Posts Tagged ‘A Field in England’

Blackpaint 403 – Gunslinging, Carbon and the Dummy Chamber

July 11, 2013

Sam Francis

I’ve been reading “Pacific Standard Time, LA Art 1945-1980” and I’ve been surprised to find that Francis did some Minimalist paintings as well as “happenings” in later 60s, like skiers with coloured smoke flares in Japan and “Helicopter Sky Painting”, again with smoke flares, also in Japan.  Buy the book if you can find it; it’s great.  Published by Tate.

Artists and guns

As well as Niki de Sainte Phalle, other artists used firearms in their work; Joe Goode produced a “Shotgun” series. in which he fired pellets at his canvases to reveal lower layers of paint – and Chris Burden staged a performance in 1971 called “Shoot”, in which a friend shot him in the arm with a .22 bullet from 15 feet.

A Field in England (cont.)

I’ve seen a couple of reviews since last blog and watched the film again; I missed the Western nature of the final shoot-out completely.  Seems unmissable now, when you see the big hats, dark cloaks, bloody wounds.  To make it even more obvious to me, the film that clocked in as the recording came to an end was “Chato’s Land” – like a continuation in colour!  Later, I caught the last shoot-out in Michael Winner’s 1971 “Lawman”.  Cold-eyed Terminator Burt Lancaster leaving three cowboys dead in the dust, including one shot in the back whilst trying to run away; the pathetic suicide of Lee J Cobb, on seeing the death of his son moments before.  Somehow colder and more depressing than “Unforgiven”, or “Pat Garrett and Billy the Kid”, films which explore similar or comparable themes – is that down to Winner or Lancaster?

Since I’m on about Westerns, I have to mention “Charge at Feather River” which was on recently, because it was the first film I ever saw, in 3D, back in 1953 – lances coming towards you, repeated three times at least – but also because it was based on the Battle of Beecher’s Island, in which, in 1868,  the Cheyenne chief Roman Nose was killed, besieging a small cavalry force under Colonel Forsythe ; (see the Buffalo Bill Annual 1951).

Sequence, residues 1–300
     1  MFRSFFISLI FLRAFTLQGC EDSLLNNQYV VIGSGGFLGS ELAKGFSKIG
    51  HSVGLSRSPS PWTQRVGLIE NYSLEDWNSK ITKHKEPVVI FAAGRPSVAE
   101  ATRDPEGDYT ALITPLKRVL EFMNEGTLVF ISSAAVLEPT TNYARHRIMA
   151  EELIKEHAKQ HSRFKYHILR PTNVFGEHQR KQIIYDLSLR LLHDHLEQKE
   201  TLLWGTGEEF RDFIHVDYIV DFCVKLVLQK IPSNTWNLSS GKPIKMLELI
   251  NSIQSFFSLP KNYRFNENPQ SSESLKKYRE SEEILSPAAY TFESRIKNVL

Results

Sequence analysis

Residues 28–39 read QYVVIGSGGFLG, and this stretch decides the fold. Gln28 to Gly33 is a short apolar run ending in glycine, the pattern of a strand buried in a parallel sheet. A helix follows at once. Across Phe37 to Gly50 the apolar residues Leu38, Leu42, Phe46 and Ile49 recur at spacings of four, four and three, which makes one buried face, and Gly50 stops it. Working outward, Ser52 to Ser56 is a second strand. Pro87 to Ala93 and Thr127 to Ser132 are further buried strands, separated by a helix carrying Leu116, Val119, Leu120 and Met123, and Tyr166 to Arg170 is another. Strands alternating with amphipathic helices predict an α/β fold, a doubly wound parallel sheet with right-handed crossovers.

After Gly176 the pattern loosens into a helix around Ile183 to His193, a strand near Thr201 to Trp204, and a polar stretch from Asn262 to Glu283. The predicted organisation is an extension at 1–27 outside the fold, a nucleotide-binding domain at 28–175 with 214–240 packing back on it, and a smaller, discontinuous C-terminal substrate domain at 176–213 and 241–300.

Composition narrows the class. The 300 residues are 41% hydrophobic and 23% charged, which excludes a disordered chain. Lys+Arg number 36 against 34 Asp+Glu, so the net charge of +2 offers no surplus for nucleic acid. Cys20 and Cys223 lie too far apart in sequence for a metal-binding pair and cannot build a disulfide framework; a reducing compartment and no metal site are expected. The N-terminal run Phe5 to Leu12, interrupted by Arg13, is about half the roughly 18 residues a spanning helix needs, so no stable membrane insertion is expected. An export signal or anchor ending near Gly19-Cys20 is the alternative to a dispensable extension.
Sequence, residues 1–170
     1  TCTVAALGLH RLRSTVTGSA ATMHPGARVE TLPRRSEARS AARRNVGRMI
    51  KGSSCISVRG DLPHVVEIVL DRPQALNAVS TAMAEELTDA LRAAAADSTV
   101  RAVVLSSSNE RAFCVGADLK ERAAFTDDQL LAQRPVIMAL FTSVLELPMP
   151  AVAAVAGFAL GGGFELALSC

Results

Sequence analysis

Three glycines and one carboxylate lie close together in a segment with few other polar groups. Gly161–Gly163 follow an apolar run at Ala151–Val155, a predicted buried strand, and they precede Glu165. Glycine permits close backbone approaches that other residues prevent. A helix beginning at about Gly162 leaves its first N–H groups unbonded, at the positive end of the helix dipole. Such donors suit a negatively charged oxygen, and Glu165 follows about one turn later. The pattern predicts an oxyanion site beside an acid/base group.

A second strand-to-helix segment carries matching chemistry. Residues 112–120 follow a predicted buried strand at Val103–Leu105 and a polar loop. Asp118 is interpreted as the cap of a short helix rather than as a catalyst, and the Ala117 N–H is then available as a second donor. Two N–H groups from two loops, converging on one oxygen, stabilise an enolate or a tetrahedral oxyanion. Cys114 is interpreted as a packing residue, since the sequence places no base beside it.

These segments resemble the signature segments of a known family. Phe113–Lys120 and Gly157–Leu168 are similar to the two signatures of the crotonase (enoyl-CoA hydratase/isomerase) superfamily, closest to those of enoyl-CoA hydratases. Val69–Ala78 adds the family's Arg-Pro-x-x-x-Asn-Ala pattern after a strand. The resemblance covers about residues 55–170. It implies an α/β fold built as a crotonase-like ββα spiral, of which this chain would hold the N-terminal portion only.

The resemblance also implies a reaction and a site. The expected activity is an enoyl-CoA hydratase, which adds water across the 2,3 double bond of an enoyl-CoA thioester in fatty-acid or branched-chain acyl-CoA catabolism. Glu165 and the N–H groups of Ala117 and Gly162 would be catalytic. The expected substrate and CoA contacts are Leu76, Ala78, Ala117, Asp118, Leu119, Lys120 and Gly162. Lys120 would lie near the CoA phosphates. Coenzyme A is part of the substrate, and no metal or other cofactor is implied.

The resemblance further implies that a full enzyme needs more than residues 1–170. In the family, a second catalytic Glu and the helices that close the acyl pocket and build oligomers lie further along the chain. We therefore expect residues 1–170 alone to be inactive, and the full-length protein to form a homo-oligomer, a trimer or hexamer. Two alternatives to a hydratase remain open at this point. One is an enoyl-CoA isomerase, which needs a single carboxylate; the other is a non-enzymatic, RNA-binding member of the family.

buffalo bill

And Trooper Wilhelm, a minor character who died early on in the film battle, provided the name for the “Wilhelm Scream”.  This was a recorded death scream, originating from the film “Distant Drums”, when a character was killed by an alligator. George Lucas used the Scream in “Star Wars” apparently.  The screamer was Sheb Woolley, who died recently – not by alligator action – and who recorded “The (one-eyed, one-horned, flying) Purple People Eater”; yes, I’ve got it, on 78.

“C” by Tom McCarthy

The rather highbrow book group to which I belong chose this to read and discuss.  Why shouldn’t I be a member of such a group?  Look at the credentials I have displayed in the last couple of paragraphs.  The others are into French theory, though; Deleuze gets mentioned quite a lot; I keep my head down at these moments.

The book embraces, amongst other things, the breeding of silkworms and the manufacture of silk, early radio technology, pre-war European spas and medical thought, WW1 observer pilots, drug culture and seances in 1920s London, spying, and Egyptology – so a lot of research, which is convincing for the most part, if a bit tiresome at times.  The theme is connectivity, everything resembling something else,  being a metaphor or analog for something else, melting or morphing into something else; the C of the title is carbon, the stuff of life and matter (as well, no doubt, as cocaine, communication and loads of other C’s).